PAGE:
Sometimes, you might notice that your mower absolutely refuses to start up. This can be an annoying issue, sure, and if you have exhausted all your options, like restarting it, inspecting the battery, and the whole works, then let me try and help you find a solution.
There are a couple of different ways to handle this problem. The first, and perhaps the simplest, way to solve it is to use a voltmeter.
- Set your voltmeter to DC and attach the wires to the negative tunnel of the battery. Then connect the positive side to the solenoid starter.
- Once the wires are connected, turn the key to see if the mower fires up.
- Also, keep your eyes on the voltmeter to see if it gets a reading.
- If there are no readings, this would indicate a starter failure.
In the event of a starter failure, the battery needs to be checked. You can test it yourself, but I would recommend taking it to an auto repair shop. If the battery is the issue, replacing it usually fixes the problem.
4. Electrical Issues
Now, while the battery is usually the main component that causes starting malfunctions, sometimes electrical problems can also be the real reason behind it. If you see that the transmission is fine and the battery is also functional, it’s time to look at the overall electrical system.
The first thing you need to check here is the spark plug. To fix any issue with the spark plug, you need to take it out of the engine. You can use pliers and a wrench to make things easier for you.
Clean the spark plug thoroughly using sandpaper or an emery board. You can also use your hands. This is a pretty sensitive component, and any leftover dirt or debris can cause it to malfunction. Once cleaned, set the metal connector tightly back in place.
You also want to look for any signs of rust. If it is indeed corroded, then you need to replace the spark plug. Since these are pretty cheap, that shouldn’t be much of an issue.
5. Inefficient Fuel Usage
If you find that the mower is consuming more fuel than normal, then there might be a couple of different things wrong with your vehicle. You need to check for cracks in the gas hose and the fuel pumps to figure out where the problem is coming from.
If the gas hose is fractured, you need to replace it. Just buy a new one, remove the fractured one from your vehicle and install the new hose and you are good to go. When installing the new hose, make sure you start at the bottom.
Then slowly make your way to the valve cover. Even if you are a complete beginner, this shouldn’t take too long. If the issue comes from dirt piling up at the bottom of the fuel pump, then you need to disconnect the hose.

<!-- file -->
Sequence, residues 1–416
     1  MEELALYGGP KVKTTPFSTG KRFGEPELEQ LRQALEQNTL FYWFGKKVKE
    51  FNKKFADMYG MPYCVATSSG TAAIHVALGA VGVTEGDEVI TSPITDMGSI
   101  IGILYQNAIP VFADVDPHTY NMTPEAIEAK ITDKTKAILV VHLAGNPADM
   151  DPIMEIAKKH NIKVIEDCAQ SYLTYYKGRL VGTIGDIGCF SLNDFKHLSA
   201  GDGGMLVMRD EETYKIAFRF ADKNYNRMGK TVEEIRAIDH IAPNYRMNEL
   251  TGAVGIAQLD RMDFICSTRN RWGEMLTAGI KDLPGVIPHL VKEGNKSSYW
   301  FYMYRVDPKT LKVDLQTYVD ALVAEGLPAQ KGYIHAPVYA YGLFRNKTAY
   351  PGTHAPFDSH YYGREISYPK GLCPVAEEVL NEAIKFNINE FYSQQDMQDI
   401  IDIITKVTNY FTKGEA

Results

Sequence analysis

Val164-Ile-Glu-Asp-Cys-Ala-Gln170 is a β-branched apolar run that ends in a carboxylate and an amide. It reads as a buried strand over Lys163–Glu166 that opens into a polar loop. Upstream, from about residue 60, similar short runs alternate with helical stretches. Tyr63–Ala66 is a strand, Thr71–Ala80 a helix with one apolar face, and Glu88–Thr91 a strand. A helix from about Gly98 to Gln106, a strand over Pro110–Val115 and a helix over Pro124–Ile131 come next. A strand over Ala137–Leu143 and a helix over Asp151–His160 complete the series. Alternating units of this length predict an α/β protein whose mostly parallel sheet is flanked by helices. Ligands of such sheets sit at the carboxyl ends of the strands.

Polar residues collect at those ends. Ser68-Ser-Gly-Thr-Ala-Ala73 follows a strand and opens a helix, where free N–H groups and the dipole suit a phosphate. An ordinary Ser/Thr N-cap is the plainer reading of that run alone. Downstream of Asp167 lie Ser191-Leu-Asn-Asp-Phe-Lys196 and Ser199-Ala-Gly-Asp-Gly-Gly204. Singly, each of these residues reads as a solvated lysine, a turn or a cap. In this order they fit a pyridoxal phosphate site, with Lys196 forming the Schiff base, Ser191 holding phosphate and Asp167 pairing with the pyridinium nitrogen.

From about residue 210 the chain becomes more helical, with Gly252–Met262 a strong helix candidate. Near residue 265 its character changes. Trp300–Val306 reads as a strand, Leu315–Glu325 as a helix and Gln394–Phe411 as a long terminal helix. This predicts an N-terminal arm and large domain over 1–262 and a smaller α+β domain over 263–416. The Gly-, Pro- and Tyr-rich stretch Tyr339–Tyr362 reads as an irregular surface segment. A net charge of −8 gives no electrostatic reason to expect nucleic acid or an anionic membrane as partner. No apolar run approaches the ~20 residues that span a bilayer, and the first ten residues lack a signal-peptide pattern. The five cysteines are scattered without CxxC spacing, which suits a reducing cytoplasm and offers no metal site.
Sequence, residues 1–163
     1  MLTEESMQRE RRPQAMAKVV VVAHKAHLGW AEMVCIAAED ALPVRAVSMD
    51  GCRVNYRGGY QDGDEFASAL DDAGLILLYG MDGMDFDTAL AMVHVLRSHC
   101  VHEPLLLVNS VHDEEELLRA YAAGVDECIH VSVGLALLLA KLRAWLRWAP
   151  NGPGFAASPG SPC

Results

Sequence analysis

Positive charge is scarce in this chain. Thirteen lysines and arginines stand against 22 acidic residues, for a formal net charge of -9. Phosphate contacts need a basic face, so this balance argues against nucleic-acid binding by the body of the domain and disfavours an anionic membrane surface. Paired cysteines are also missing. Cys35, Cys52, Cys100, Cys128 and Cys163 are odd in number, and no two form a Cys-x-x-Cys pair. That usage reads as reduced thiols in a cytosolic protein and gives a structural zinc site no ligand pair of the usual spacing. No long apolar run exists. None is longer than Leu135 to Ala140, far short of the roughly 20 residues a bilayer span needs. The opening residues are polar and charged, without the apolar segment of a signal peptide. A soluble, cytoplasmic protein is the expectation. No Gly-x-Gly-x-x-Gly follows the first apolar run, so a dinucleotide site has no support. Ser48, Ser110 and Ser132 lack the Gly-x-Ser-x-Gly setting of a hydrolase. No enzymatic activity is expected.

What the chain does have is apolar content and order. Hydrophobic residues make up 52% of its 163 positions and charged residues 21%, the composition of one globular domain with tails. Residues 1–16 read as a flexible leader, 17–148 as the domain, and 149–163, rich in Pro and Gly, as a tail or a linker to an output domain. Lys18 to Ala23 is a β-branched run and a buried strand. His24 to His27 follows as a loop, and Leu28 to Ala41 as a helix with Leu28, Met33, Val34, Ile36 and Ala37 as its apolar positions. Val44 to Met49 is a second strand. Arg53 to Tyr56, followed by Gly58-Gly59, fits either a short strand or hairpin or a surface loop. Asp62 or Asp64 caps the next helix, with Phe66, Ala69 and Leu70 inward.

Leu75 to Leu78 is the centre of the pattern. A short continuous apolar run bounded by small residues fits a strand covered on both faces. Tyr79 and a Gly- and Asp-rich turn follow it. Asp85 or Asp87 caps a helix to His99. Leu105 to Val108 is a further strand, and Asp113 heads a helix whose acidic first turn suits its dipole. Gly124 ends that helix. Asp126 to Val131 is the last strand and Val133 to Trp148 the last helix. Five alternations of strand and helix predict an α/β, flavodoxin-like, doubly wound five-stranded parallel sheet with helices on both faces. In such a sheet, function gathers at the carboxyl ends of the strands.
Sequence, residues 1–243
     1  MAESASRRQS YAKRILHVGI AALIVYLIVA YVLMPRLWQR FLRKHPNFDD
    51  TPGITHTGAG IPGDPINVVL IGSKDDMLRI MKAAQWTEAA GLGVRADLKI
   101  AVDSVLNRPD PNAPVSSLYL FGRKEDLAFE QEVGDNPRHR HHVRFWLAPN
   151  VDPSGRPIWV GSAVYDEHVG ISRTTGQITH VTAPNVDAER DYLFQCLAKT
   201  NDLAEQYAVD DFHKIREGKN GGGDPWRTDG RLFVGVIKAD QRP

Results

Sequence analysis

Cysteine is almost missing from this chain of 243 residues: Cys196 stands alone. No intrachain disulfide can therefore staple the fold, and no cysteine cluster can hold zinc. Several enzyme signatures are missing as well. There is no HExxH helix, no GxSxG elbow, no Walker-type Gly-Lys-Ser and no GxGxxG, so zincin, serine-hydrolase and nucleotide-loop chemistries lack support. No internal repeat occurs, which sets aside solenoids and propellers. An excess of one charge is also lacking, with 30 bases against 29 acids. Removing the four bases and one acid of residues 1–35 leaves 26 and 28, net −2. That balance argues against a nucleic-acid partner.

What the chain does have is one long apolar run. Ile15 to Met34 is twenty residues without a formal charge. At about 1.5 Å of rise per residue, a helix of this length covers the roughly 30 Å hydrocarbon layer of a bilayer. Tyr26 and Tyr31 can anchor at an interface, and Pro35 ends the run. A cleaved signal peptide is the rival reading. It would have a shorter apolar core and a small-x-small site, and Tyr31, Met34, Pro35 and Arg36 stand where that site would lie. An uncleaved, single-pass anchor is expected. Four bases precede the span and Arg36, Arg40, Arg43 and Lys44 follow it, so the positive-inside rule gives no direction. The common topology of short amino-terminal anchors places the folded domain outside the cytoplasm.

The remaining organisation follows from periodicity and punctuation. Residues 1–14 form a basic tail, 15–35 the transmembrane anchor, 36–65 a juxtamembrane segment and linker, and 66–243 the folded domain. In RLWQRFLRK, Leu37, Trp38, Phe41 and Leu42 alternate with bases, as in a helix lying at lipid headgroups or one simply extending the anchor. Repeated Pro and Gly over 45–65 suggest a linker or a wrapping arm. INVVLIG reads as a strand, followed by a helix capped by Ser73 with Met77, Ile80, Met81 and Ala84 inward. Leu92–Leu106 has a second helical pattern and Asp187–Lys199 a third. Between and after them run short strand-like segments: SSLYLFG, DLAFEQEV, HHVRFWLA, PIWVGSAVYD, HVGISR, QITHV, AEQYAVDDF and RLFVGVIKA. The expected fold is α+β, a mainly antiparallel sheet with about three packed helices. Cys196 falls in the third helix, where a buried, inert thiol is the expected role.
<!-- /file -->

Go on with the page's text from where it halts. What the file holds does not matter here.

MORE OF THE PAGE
This will allow the gas to flow freely. Wait a while so that the gas can escape, and then reconnect the hose to the filter. Then blast air into the gas line, and the pressure will help clean out the line.
With any luck, this should eliminate any fuel inefficiency in your John Deere D140 tractor.
Frequently Asked Questions
Here are a couple of questions that I have often seen people ask about the John Deere D140 lawnmower.
What type of engine does the John Deere D140 feature?
The John Deere D140 tractor comes with a 2-cylinder Briggs & Stratton engine. It has an automatic drive system and an electric power take-off (PTO) system.
Is the John Deere D140 expensive?
No, the John Deere D140 is an affordable lawn mower/tractor that is catered towards people on a tight budget. It is the perfect solution for landscapers who want to keep their front or backyard grass in good condition.
The John Deere D140 is a pretty amazing mower for the price. Sure, it holds no candle when you compare it to something like the John Deere Z525e lawnmower, but it’s no slouch either in its price range.
That being said, it is natural for the mower to struggle in some aspects as the manufacturer had to cut corners to make the machine affordable. But since most of the issues in the mower are fixable pretty easily, this mower is an excellent pickup if you are on a tight budget.
I hope my complete guideline on John Deere D140 problems could help you identify why your mower is acting up and what you can do to fix it. Good luck!